The most concise way to break down the good and the ugly of the trope “write what you know” is this two-minute video of author Nathan Englander extolling the virtues of the phrase, while also pointing out how people unfortunately get it wrong most of the time.
As Englander notes, he was a suburban kid who spent a lot of his life watching TV. He didn’t live in Buenos Aires during the Dirty War, as he wrote about in The Ministry of Special Cases, nor was he told by a rabbi to visit a prostitute in the title story of his shorts collection For the Relief of Unbearable Urges. So how can he be such a firm believer in the phrase when he is clearly writing about things he has no experience?
It comes down to, essentially, empathy.
Or rather it comes down to not knowing what it means to live in South America in the 70s, but what it means to be afraid. To worry for yourself and your loved ones. To feel that there is something powerful you can’t get out from under. Englander writes what he knows by taking these emotions and then giving them to a character. He understands that regardless of time or place, humans are guided by certain hopes and fears and loves and lusts.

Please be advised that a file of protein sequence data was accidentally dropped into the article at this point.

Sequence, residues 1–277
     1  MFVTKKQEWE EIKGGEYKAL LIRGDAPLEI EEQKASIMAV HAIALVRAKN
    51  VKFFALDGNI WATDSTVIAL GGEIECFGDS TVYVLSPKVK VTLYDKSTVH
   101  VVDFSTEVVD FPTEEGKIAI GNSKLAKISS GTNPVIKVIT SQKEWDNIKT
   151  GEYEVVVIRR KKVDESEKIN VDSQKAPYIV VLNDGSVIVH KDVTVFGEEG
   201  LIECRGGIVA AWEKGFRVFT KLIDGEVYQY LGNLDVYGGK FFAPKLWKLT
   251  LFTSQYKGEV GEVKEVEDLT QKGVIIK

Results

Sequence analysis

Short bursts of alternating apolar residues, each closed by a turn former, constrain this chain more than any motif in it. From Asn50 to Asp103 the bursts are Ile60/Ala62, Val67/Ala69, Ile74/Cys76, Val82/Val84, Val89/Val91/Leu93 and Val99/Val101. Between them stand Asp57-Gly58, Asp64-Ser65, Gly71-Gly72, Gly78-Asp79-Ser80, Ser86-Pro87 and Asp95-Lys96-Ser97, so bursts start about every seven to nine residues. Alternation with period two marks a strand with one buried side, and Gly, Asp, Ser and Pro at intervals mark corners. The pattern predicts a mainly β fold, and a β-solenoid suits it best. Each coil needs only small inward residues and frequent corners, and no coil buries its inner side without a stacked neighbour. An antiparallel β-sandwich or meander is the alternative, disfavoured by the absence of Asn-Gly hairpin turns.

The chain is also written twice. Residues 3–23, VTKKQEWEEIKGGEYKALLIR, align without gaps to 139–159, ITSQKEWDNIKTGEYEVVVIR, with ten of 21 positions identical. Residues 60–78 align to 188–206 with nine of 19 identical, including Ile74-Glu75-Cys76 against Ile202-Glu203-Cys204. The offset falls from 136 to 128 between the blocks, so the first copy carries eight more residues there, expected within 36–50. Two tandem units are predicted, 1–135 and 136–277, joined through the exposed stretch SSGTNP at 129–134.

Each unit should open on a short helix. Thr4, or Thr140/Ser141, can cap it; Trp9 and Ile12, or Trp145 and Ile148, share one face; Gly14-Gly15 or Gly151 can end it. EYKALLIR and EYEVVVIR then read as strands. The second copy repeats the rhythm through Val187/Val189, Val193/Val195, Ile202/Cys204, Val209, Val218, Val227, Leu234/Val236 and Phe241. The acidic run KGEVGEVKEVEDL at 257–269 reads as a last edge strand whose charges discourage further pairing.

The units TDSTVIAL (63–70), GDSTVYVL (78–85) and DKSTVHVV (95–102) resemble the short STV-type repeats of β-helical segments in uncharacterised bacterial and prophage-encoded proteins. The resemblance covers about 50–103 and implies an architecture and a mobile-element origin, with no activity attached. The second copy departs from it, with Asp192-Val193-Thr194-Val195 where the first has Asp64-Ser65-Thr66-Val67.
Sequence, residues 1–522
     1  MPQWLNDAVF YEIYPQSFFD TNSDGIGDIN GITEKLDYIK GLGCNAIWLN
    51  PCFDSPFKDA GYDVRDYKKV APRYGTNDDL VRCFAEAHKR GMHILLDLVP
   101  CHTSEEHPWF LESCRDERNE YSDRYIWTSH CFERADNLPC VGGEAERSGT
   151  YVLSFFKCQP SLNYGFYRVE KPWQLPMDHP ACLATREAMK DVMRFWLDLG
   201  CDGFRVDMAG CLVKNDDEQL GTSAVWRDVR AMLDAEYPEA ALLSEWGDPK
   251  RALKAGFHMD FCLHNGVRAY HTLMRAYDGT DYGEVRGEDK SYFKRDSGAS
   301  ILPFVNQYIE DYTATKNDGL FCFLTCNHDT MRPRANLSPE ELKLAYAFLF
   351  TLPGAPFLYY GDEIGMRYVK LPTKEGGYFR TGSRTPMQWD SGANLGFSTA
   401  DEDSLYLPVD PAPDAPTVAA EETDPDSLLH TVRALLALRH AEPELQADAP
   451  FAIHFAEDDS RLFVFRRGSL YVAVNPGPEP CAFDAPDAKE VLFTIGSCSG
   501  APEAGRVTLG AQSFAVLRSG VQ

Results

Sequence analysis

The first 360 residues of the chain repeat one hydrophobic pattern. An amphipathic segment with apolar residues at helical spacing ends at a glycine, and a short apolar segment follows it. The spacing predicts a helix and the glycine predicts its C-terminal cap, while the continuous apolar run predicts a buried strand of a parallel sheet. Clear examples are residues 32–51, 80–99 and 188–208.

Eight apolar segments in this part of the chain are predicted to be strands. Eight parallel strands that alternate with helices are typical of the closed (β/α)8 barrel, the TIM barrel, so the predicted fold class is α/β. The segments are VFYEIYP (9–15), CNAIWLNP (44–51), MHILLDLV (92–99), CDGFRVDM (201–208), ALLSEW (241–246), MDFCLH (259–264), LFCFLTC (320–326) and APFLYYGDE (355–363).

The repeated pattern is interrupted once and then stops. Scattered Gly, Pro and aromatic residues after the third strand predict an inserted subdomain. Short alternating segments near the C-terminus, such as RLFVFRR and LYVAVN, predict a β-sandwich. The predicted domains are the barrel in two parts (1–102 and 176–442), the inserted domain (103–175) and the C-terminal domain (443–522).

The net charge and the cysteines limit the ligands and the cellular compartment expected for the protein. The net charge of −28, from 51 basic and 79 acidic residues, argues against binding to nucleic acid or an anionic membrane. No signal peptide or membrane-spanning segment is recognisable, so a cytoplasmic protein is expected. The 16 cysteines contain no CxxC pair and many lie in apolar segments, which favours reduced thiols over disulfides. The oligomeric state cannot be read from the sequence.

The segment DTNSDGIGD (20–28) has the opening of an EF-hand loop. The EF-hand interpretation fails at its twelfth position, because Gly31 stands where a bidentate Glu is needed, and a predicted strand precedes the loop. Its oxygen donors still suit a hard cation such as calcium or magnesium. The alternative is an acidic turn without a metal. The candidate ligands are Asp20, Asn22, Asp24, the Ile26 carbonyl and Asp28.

Angelina Jolie once said that the way she gets into the heads of the characters she portrays is not to take on a completely alien persona, but rather she identifies the part of her personality that she shares with the character and then amplifies it. In this way she is writing what she knows, whether she is a hacker or a witch or a tomb raider.
A different way to approach this is the phrase “specificity equals universality.” The most personal and peculiar thoughts about yourself and the world are actually more likely to be shared by others. And this is where the best work comes from.
Writing how you think everyone feels usually falls flat; but writing those things buried deep under the surface touches many, many more.